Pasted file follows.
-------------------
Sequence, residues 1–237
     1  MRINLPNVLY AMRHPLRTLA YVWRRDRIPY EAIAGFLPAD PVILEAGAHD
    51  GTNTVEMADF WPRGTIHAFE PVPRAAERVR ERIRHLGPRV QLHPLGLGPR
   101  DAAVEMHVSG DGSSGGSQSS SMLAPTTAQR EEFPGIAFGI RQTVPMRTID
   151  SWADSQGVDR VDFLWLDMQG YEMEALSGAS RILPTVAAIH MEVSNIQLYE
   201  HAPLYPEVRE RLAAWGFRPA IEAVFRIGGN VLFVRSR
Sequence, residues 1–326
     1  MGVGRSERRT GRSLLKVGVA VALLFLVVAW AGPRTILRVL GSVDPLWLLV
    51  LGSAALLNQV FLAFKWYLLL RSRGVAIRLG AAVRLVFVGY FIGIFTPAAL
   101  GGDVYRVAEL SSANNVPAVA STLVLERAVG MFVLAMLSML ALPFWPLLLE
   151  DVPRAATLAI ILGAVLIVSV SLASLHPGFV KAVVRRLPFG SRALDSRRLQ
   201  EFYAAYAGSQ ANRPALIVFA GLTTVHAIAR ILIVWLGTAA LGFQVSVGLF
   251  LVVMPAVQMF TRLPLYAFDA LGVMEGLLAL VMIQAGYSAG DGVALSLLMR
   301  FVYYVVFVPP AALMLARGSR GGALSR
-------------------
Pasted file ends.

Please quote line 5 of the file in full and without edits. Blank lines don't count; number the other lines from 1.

   151  SWADSQGVDR VDFLWLDMQG YEMEALSGAS RILPTVAAIH MEVSNIQLYE